a friendly welcome and with interesting discourse of the country.
They made a league of friendship.  The next day he gave them six men
as guides to the falls above, and they left with him one man as a

On Sunday, the 24th of May, having returned to Powhatan's seat, they
made a feast for him of pork, cooked with peas, and the Captain and
King ate familiarly together; "he eat very freshly of our meats,
dranck of our beere, aquavite, and sack."  Under the influence of
this sack and aquavite the King was very communicative about the
interior of the country, and promised to guide them to the mines of
iron and copper; but the wary chief seems to have thought better of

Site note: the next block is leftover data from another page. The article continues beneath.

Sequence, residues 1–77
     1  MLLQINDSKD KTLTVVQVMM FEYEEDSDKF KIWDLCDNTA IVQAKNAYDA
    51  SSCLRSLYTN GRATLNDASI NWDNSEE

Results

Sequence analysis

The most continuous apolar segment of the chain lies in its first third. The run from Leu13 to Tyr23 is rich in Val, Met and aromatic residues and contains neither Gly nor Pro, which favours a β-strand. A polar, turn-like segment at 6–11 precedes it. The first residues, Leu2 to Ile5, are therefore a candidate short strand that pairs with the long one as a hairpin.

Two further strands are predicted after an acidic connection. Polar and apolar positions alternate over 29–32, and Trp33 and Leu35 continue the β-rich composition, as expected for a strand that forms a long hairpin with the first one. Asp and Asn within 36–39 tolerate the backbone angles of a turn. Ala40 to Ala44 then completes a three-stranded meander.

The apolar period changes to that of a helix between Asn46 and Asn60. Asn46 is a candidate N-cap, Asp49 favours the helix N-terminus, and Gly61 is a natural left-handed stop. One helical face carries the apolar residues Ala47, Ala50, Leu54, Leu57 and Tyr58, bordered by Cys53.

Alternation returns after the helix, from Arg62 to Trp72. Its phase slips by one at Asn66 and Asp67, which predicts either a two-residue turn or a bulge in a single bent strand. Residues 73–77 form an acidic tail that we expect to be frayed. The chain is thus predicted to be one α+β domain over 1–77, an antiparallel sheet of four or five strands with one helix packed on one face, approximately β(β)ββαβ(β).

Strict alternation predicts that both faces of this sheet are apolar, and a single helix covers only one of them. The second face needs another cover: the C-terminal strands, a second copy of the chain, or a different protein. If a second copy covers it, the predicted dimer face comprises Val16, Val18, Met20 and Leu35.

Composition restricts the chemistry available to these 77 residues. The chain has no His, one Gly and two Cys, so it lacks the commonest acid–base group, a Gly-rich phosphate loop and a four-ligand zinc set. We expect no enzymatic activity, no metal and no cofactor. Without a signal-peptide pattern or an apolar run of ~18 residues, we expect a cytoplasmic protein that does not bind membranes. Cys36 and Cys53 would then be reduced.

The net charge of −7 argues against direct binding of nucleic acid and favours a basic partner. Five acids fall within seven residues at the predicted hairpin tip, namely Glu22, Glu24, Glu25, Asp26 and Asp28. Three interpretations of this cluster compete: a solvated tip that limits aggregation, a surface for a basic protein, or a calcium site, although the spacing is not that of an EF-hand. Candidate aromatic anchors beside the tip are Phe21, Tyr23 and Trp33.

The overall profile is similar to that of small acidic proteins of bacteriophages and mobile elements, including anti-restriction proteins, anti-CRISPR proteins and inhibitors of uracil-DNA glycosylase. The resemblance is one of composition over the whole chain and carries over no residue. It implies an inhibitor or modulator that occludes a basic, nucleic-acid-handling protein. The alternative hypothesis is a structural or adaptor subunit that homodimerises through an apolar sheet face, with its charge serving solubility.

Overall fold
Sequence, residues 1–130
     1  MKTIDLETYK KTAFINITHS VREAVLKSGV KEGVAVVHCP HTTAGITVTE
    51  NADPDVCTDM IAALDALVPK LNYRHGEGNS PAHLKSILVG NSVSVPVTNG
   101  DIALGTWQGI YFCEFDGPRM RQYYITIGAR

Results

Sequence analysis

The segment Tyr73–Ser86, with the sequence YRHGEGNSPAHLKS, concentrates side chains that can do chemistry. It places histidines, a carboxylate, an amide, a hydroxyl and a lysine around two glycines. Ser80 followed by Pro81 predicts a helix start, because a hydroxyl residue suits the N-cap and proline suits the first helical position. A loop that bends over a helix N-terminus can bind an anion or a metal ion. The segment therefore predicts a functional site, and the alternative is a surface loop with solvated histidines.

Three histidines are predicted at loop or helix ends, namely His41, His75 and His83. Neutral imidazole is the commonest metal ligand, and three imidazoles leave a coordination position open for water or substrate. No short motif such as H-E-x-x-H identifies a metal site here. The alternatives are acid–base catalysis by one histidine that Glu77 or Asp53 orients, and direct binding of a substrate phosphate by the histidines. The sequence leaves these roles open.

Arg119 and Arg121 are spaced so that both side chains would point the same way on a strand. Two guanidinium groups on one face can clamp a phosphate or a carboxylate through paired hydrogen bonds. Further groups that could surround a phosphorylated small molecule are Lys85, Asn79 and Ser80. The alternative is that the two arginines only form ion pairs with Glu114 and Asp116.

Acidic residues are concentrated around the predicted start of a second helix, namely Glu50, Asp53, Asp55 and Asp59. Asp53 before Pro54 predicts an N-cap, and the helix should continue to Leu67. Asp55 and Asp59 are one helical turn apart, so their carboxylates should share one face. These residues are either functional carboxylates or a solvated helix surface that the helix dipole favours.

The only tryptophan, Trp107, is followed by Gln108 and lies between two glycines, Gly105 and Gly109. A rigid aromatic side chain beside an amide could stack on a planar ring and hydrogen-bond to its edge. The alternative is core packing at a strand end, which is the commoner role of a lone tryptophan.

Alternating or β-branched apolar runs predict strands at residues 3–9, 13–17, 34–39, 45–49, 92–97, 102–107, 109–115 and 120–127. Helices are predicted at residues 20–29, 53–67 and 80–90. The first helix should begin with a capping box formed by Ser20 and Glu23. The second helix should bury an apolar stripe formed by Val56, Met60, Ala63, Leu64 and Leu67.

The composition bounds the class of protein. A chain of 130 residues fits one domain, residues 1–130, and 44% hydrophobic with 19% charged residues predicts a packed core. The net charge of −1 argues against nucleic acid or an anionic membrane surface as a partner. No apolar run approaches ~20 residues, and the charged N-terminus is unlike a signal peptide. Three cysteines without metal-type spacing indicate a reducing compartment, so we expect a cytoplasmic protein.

it when he got sober, and put them off with the difficulties and
dangers of the way.

On one of the islets below the Falls, Captain Newport set up a cross
with the inscription "Jacobus, Rex, 1607," and his own name beneath,
and James was proclaimed King with a great shout.  Powhatan was
displeased with their importunity to go further up the river, and
departed with all the Indians, except the friendly Navirans, who had
accompanied them from Arahatic.  Navirans greatly admired the cross,
but Newport hit upon an explanation of its meaning that should dispel
the suspicions of Powhatan.  He told him that the two arms of the
cross signified King Powhatan and himself, the fastening of it in the
middle was their united league, and the shout was the reverence he
did to Powhatan.  This explanation being made to Powhatan greatly
contented him, and he came on board and gave them the kindest
farewell when they dropped down the river.  At Arahatic they found
the King had provided victuals for them, but, says Newport, "the King